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Every month More Voices invites readers to contribute short nonfiction prose pieces of 40 to 400 words on a healthcare theme.



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Judy Schaefer

I was not with my mother when she died, her heart bursting
against her ribs, screaming for a violent release from her chest
I listened, ear to phone:           nothing-more-could-be-done
          I recall her now, prayer petals of morning’s first red rose, the perfect
          Mezzo-soprano of a summer evening’s lullaby, an open window to song
Clinical colleagues reported massive myocardial infarction
I reported that I was an orphan

History reports that in extremis humans will send their children on ahead
to higher and safer ground;         Full of worry over meeting places
and full of imperfect farewells, I am awake at night harvesting metaphors
Like those faithful Londoners, I try to let my daughter go, from bunker to train,
toward fresh air, eggs, milk, warm kitchen fires, and soft yellow kittens
Back here, black on windows, I am exiled from the natural-order-of-things
A good nurse, I warrior-on, pack more arrows, remain alert, watch the blue sky

I was not with my daughter when her liver, her kidneys, were failing
Ascites, jaundice, varices: fragility surrendering to life’s steel hammer
I throw a bag into the car:           nothing-more-can-be-done
          I recall you now, elegant white tulle on a tall sway of stem,
          French tulips and Eiffel’s tower, open arms for a hungry kitten
My clinical colleagues report alcoholic hepatorenal syndrome
I report love
of pearls and pockets, your two small boys with heavy shocks of hair;
With promises to keep I remain alert and watch a cloudy sky before I sleep

About the poet:

Judy Schaefer edited the first biographical/autobiographical work by English-speaking nurse-poets, The Poetry of Nursing: Poems and Commentaries of Leading Nurse-Poets (Kent State University Press, 2006); she also coedited the first international anthology of creative writing by nurses, Between the Heartbeats (University of Iowa Press, 1995) and a second volume, Intensive Care (University of Iowa Press, 2003). She has been published in Academic Medicine, American Journal of Nursing and The Lancet. Her most recent book is Wild Onion Nurse: A Collection of 25 Years of the Poetry of Nursing in a College of Medicine Literary Journal (Radcliffe, 2010).

About the poem:

"An ironic loss poem for me, as I am wary of 'death' poems. I have been of the opinion that such poems have an unfair advantage because of the natural sympathy that death inspires. We all have experienced loss in some form or other; almost all poems are about death. Writing this poem about my mother and daughter, the two most important women in my life, allows me to transcend sadness and regret through the artistic form of poetry and to honor their beauty. Ultimately, the poem gives me the opportunity to explore acceptance. Like most parents surviving a child, I find 'closure' neither a word nor a concept. Relative to alcoholism, I make promises, hold hands and reach out through AA, Al-Anon and Alateen. This was a poem I had to write."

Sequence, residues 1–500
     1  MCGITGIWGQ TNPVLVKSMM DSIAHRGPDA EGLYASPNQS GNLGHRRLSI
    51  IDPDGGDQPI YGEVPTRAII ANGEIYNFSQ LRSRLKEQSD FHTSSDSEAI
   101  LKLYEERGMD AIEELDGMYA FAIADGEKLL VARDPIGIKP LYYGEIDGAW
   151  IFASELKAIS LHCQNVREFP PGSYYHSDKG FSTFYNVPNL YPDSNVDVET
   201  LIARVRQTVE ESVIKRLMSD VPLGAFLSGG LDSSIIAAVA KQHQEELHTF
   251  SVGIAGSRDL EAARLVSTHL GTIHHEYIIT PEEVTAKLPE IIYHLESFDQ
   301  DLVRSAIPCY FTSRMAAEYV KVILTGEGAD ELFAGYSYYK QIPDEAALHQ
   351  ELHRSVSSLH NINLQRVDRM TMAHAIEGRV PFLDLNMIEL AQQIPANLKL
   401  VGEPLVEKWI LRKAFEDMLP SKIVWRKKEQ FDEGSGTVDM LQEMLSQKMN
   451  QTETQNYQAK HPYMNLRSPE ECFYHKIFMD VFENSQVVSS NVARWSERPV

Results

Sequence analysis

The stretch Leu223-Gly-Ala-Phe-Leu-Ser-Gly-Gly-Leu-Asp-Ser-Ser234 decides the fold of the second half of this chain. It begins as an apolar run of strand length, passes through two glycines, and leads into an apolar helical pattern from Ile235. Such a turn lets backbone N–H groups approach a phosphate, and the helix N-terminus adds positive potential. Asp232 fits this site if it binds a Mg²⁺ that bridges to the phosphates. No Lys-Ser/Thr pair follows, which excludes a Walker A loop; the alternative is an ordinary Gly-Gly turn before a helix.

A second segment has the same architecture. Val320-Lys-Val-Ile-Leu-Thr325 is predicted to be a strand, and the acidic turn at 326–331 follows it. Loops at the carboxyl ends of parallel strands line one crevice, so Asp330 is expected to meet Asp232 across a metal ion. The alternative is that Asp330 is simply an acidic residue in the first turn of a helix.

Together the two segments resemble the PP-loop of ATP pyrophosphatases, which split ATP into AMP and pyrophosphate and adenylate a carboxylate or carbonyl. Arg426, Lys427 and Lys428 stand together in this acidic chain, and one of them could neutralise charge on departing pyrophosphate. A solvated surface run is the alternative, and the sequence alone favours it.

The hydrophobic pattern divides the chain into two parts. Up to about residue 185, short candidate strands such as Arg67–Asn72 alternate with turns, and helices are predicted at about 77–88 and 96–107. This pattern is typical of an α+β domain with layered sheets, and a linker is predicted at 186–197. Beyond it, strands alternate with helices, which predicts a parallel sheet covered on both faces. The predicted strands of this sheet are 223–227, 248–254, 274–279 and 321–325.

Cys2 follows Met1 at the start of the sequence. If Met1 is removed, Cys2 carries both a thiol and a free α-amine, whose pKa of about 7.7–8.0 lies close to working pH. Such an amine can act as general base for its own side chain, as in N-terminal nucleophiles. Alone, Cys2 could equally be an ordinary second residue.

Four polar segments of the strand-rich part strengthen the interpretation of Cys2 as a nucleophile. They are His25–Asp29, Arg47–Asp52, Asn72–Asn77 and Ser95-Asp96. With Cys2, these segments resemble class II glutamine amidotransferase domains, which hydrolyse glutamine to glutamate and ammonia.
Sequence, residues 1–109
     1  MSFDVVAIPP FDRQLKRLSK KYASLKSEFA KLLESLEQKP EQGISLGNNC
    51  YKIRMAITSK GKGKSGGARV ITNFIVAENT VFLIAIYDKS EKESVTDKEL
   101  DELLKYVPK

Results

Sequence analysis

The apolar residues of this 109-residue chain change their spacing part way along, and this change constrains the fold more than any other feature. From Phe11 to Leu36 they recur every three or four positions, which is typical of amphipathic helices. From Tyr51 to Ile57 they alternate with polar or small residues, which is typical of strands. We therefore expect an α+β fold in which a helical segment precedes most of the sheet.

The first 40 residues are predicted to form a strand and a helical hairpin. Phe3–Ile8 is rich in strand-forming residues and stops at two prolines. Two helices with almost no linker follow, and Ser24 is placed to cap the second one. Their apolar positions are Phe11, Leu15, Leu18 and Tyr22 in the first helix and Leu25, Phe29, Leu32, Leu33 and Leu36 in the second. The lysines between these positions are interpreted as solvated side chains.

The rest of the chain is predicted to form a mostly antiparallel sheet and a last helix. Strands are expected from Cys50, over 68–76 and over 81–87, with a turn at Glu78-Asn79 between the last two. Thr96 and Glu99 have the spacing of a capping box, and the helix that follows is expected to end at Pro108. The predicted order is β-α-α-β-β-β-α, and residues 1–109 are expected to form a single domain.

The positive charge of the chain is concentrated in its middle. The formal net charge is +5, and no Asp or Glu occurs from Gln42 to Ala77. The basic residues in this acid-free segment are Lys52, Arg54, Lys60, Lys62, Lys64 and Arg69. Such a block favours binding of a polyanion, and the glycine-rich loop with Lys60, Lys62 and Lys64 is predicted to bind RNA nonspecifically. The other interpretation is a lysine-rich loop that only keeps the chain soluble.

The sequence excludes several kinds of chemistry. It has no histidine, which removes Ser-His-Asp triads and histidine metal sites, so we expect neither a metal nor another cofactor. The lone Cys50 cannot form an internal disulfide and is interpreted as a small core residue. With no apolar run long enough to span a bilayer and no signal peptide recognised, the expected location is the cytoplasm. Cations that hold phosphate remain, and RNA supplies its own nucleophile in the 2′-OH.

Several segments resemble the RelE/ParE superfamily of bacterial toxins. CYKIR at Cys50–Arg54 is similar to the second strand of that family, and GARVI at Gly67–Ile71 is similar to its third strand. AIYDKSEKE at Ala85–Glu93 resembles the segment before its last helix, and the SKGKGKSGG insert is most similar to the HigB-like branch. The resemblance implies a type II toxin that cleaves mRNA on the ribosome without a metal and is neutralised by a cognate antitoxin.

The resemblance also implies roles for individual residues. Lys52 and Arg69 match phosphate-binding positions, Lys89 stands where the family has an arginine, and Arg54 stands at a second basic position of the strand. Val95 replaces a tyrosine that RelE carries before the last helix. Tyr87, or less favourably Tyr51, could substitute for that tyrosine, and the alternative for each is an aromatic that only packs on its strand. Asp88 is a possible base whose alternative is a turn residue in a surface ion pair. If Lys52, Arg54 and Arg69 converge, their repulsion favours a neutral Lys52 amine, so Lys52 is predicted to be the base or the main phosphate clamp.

Poetry Editors:

Johanna Shapiro and Judy Schaefer


# Veneta Masson 2014-10-22 11:20
What would we do without the language of poetry? I read this poem and say Yes, Yes. Through your words and imagery I feel a renewed sense of connection to my own experiences on this planet and a deeper appreciation of the ties that bind us together. Thank you, Judy.
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# Muriel Murch 2014-10-20 21:03
Dear Judy,
Wonderful to see this poem surface. Like a hand-painted bolt of fabric you have laid it out for us to see and wonder at.
As you wrapped yourself in such love it gives us all comfort.
Thank you
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# Sharon Younkin 2014-10-19 12:48
This is lovely, thank you
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# Pris Campbell 2014-10-17 19:28
This poem is wonderfully written and moving. I've written a few death poems and have them out in a small chap called Postscripts to the Dead. Some are about celebrities (Elvis, Paul Newman, Hemingway) and the others about people i loved. I find a tremendous release in re-reading them, just as I did with your. Isn't any kind of loss fair game in a poem? Loss of love, loss of health, loss of friendships? Don't avoid them for the reasons you gave The subject didn't bias my appreciation of your tremendous talent at writing in the least.
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# Linda Evans 2014-10-17 18:55
Your poem is so beautiful and very touching. Thank you for sharing your heart.
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# Cortney Davis 2014-10-17 17:33
A brave and moving poem, and one that is quietly and ultimately comforting. It's the beauty of our loved ones that lives on in our hearts. Thank you, Judy.
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